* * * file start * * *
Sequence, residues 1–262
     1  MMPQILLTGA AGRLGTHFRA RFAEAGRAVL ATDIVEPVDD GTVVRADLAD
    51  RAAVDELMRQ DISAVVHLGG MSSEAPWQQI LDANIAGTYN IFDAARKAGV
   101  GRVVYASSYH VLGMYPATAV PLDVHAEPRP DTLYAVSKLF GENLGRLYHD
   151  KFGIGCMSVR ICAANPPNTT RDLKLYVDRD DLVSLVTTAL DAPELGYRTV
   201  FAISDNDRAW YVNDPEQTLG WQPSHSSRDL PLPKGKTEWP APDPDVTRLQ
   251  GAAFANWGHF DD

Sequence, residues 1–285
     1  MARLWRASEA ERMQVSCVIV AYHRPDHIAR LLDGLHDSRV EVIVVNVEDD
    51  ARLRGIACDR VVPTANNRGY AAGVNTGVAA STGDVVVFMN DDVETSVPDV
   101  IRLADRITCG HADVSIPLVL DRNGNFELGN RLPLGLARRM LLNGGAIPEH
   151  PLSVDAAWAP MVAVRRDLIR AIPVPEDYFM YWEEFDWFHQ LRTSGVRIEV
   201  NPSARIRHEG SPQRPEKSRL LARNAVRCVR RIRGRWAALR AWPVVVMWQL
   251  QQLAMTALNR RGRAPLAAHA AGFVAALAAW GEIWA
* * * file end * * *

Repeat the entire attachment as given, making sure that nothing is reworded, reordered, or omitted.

Sequence, residues 1–262
     1  MMPQILLTGA AGRLGTHFRA RFAEAGRAVL ATDIVEPVDD GTVVRADLAD
    51  RAAVDELMRQ DISAVVHLGG MSSEAPWQQI LDANIAGTYN IFDAARKAGV
   101  GRVVYASSYH VLGMYPATAV PLDVHAEPRP DTLYAVSKLF GENLGRLYHD
   151  KFGIGCMSVR ICAANPPNTT RDLKLYVDRD DLVSLVTTAL DAPELGYRTV
   201  FAISDNDRAW YVNDPEQTLG WQPSHSSRDL PLPKGKTEWP APDPDVTRLQ
   251  GAAFANWGHF DD

Sequence, residues 1–285
     1  MARLWRASEA ERMQVSCVIV AYHRPDHIAR LLDGLHDSRV EVIVVNVEDD
    51  ARLRGIACDR VVPTANNRGY AAGVNTGVAA STGDVVVFMN DDVETSVPDV
   101  IRLADRITCG HADVSIPLVL DRNGNFELGN RLPLGLARRM LLNGGAIPEH
   151  PLSVDAAWAP MVAVRRDLIR AIPVPEDYFM YWEEFDWFHQ LRTSGVRIEV
   201  NPSARIRHEG SPQRPEKSRL LARNAVRCVR RIRGRWAALR AWPVVVMWQL
   251  QQLAMTALNR RGRAPLAAHA AGFVAALAAW GEIWA